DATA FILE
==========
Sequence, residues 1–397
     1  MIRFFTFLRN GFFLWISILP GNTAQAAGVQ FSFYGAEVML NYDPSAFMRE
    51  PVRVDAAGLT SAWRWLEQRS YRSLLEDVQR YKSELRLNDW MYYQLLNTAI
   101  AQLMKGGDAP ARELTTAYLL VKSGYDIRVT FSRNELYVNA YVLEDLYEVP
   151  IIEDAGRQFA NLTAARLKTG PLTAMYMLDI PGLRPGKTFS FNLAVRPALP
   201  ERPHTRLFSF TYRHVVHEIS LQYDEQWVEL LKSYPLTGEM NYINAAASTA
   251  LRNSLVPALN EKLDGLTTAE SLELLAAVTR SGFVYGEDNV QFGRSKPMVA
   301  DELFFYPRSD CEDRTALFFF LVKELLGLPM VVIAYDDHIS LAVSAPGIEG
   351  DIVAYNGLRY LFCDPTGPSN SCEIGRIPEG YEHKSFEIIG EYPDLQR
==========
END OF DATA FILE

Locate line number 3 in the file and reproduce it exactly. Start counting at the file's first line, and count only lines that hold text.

    51  PVRVDAAGLT SAWRWLEQRS YRSLLEDVQR YKSELRLNDW MYYQLLNTAI